Indianapolis Public Schools leaders revealed radical plans Tuesday to overhaul schools across the district, including converting John Marshall High School into a dedicated middle school.
Indianapolis Public Schools officials are holding meetings this week to discuss possible major changes for John Marshall, Broad Ripple, George Washington and Northwest high schools.
With research increasingly pointing to health and academic benefits for teens who sleep later in the day, some Indianapolis Public Schools board members are calling on the district to explore the possibility of starting high school later in the morning.
District leadership says all options are on the table for John Marshall High School.
The district is reporting that its sub crisis is virtually gone, wiped away just months after bringing on a private company to recruit and place substitute teachers.
IPS is moving toward a “weighted” budgeting system that will use a formula to set individual school budgets based on enrollment and need—a break from the current system.
Indiana Life Sciences Academy West will be the last of four Imagine Schools to close in Indiana.
Just a week after the Indianapolis Public Schools board heard a proposal to create a school for students who are new to the country, the plan won approval Thursday night. The board also OK’d plans to convert two district schools to “innovation” status.
The school would offer instruction designed to help students master English and would serve as a hub for immigrant families, connecting them with community organizations offering everything from health care to adult education programs.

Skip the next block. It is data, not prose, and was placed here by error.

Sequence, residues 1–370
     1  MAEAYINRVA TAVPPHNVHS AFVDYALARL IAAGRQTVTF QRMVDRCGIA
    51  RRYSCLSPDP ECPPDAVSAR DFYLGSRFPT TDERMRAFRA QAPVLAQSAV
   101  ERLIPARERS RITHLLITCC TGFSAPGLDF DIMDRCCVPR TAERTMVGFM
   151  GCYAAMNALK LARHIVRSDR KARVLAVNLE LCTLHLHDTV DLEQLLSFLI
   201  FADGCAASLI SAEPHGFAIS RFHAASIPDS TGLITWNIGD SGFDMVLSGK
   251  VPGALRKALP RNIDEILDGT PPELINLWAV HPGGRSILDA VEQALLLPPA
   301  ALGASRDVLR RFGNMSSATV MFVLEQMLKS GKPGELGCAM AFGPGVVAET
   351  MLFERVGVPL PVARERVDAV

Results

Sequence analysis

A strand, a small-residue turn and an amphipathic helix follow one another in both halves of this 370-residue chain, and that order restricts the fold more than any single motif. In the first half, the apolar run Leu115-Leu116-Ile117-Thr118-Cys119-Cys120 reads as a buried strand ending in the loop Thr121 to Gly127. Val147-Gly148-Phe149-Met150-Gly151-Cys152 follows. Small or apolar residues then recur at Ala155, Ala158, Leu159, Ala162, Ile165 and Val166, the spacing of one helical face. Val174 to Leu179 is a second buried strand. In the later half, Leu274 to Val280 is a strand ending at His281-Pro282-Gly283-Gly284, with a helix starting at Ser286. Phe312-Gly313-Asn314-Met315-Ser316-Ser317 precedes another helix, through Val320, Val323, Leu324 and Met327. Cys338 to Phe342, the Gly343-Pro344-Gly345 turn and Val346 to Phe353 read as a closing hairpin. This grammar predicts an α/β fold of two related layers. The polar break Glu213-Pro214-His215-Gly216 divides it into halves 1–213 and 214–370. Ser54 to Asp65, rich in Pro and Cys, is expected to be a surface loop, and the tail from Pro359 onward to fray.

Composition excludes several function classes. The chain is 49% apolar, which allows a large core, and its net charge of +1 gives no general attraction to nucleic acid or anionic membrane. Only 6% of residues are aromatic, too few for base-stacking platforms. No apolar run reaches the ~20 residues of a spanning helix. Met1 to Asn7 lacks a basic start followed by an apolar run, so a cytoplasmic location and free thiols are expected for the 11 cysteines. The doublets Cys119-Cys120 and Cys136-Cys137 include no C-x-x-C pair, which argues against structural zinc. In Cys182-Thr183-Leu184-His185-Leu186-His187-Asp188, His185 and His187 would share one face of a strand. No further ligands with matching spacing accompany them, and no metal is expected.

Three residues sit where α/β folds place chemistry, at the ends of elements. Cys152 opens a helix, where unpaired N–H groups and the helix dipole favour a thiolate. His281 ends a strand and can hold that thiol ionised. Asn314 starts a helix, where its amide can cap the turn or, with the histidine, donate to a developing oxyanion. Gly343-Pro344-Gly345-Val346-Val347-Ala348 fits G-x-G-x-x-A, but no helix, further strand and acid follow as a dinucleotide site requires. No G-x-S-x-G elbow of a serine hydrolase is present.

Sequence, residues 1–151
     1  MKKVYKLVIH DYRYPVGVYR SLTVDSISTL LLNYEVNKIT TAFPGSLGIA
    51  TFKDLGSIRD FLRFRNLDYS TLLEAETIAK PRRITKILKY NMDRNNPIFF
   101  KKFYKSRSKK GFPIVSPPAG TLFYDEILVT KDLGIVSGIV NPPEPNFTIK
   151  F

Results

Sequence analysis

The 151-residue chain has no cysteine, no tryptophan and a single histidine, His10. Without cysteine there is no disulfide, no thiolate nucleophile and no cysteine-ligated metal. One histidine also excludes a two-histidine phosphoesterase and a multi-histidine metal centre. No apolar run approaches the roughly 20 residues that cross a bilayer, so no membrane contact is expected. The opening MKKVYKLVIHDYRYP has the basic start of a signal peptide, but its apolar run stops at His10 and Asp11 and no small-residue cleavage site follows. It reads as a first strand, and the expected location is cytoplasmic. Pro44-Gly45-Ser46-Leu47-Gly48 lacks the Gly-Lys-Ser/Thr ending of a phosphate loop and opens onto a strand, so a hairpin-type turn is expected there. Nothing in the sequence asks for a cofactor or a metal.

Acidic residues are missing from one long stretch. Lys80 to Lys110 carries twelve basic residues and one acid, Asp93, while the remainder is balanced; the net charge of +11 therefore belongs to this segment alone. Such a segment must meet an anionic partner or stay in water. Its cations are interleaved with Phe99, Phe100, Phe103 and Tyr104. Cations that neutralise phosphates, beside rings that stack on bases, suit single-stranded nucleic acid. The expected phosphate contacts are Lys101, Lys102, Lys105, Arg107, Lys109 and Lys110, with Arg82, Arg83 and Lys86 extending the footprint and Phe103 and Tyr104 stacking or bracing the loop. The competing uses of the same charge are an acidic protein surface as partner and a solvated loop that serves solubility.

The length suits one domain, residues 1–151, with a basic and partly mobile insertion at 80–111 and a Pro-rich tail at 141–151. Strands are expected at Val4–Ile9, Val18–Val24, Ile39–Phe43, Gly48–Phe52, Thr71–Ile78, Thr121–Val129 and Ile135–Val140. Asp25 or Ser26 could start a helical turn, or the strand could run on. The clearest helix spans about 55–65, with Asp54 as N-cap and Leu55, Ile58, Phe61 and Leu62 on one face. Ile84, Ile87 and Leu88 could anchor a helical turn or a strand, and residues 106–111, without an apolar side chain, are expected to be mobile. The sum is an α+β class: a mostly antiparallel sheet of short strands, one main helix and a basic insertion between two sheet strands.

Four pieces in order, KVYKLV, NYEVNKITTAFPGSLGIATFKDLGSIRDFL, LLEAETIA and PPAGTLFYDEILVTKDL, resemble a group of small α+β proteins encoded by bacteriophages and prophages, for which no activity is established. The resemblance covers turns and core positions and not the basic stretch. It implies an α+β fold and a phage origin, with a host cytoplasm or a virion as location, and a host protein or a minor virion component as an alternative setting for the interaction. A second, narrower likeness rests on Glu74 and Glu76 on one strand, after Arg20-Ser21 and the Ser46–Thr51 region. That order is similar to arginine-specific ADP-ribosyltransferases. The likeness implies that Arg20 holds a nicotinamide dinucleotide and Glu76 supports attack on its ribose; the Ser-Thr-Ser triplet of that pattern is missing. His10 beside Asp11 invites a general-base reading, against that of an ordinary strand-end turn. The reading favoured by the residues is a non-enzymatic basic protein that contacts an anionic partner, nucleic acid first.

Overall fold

Five years after taking over management of three failing Indianapolis schools, Charter Schools USA has rolled out an unusual proposal for revamping Howe High School. But the plan could face resistance.
In dramatic shift away from a traditional centralized district, more than 10 percent of IPS students soon will attend schools outside of district control.
A handful of parents and educators spoke out against a proposed raise for Indianapolis Public Schools Superintendent Lewis Ferebee at school board hearing Tuesday night, calling on the district to spend the money on other needs.
Five years ago, Lawrence Township became one of the first districts in the nation to convert all of its elementary schools into magnet schools. Today, few parents are exercising choice—at most schools, 90 percent of students come from the surrounding neighborhood.
Demand is up at Excel Centers, a network of dropout-recovery charter schools run by Goodwill Industries. Statewide, 846 students graduated from the centers in 2015, 33 percent more than last year.
A funding plan under consideration by Indianapolis Public Schools lan could have far-reaching consequences for students and teachers across the city, with some schools coming out ahead—and others facing difficult choices.